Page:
Now, that may be that may seem very strange but in chapter 10 the apostle has already quoted a text or referred to a text that will explain what he’s talking about. So if you’re puzzled about it turn to chapter 10 in verse 19, and listen as I read that verse, “But I say, ‘Did not Israel know?’ First Moses saith, ‘I will provoke you to jealousy by them that are no people, and by a foolish nation I will anger you.’” So a long time ago in the song of Moses in Deuteronomy chapter 32 in verse 21, God had said to Israel. Remember he told Moses to give that song to the children of Israel. It was a forecast of the things that would happen to them in the latter days and included in it was this expression. So they would not be surprised when these things did transpire. They depart from the Lord God and as a result of it God will use the Gentiles to provoke them to jealously. That’s what Paul is talking about when he says now in verse 11, “I say then, ‘Have they stumbled that they should fall? God forbid: but rather through their fall salvation is come unto the Gentiles, for to provoke them to jealousy.’” That is to provoke Israel to jealousy.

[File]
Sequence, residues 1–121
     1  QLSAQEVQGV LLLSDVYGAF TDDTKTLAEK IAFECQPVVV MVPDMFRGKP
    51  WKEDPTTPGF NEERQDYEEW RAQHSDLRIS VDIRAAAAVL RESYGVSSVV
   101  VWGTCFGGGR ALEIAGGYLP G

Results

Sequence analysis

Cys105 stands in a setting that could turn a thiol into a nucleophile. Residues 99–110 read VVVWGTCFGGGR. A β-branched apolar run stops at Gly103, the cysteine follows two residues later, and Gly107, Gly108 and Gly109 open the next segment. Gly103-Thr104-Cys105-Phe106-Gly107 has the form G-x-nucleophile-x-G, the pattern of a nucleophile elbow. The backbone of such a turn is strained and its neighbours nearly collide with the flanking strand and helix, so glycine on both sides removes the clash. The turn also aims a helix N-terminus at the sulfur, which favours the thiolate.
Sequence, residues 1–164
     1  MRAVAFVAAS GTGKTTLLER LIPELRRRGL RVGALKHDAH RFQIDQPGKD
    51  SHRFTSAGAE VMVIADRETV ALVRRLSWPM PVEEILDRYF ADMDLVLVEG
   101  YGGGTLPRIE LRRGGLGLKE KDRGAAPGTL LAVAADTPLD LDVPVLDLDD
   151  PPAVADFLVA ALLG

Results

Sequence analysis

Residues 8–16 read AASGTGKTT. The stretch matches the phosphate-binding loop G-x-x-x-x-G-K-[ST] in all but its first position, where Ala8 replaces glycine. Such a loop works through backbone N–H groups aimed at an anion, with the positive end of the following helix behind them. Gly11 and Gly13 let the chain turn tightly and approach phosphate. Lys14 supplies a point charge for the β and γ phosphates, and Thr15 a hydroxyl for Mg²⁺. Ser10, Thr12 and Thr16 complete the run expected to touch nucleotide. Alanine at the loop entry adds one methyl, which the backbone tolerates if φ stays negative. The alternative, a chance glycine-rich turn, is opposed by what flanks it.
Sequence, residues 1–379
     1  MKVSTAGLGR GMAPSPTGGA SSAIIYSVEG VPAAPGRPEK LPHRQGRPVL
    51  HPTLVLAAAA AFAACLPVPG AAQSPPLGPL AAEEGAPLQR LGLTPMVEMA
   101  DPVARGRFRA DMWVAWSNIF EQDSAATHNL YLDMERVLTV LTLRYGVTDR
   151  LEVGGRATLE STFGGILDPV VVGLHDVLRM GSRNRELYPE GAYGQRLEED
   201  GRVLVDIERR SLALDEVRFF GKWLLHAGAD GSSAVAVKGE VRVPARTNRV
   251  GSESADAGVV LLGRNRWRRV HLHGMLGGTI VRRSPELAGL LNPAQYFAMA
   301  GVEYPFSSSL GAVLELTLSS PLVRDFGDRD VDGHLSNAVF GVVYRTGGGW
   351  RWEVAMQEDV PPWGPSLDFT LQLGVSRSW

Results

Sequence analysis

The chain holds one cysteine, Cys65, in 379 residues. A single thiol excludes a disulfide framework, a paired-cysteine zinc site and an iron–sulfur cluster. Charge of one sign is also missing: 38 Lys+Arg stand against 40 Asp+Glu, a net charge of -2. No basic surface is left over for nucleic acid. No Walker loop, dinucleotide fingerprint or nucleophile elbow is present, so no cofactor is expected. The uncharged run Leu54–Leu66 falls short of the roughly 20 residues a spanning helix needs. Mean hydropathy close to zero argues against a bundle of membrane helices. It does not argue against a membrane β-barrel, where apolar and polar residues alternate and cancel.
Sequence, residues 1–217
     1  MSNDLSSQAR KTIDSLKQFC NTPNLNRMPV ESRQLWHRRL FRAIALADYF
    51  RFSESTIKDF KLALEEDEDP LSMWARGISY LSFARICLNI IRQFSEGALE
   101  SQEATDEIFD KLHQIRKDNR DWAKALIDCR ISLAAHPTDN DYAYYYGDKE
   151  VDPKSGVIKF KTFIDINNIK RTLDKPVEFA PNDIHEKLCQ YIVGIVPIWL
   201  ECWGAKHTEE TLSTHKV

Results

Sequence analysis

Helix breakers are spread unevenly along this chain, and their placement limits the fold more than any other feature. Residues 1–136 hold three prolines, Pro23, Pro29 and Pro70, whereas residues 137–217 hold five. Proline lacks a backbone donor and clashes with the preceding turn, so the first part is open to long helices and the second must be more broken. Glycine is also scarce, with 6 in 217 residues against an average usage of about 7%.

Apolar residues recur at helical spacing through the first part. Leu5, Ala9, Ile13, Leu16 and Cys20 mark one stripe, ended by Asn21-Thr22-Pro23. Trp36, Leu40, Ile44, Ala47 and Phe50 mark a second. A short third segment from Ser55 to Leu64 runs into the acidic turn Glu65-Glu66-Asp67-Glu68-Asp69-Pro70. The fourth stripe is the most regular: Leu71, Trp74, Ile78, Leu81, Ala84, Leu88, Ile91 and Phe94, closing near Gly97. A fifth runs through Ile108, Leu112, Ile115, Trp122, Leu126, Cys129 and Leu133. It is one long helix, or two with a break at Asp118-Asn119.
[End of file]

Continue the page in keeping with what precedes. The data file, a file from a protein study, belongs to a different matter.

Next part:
He continues, “Now if the fall of them be the riches of the world.” That is Gentile salvation in the present day. “If the fall of them be the riches of the world, and the diminishing of them.” That is the mass to the remnant. “How much more their fullness?” I’d like for you to notice that carefully because the apostle is arguing that if Jewish disavowal, the disobedience of the mass of the Jewish people has been the occasion of the wide Gentile salvation that the people who were reading the Epistle to the Romans had seen taking place, then what can you expect when the future restoration of Israel takes place in the Gentile world. So the apostle is arguing, as we would say, a fortiori. He’s arguing from something that is less to something that is greater. He’s arguing from something that is less to that something that is greater and so he says, “How much more their fulness? For I speak to you Gentiles, inasmuch as I am the apostle of the Gentiles, I magnify mine service.” The apostle doesn’t call his apostleship an office he calls it his service. It was a spiritual gift. “If by any means I may provoke to emulation or jealousy them which are my flesh, and might save some of them.” You’ll notice the apostle does not anticipate the salvation of all Israel at the present time but some of them. “For,” he continues in the same kind of argument, “For if the casting away of them be the reconciling of the world, what shall the receiving of them be, but life from the dead?” So if Israel’s disavowal, Israel’s casting away has been Gentile salvation, we can expect when Israel comes back into the place of blessing through the grace of God a magnificent worldwide salvation that will make this age of Gentile salvation pale in comparison with it. So that is the apostle’s argument.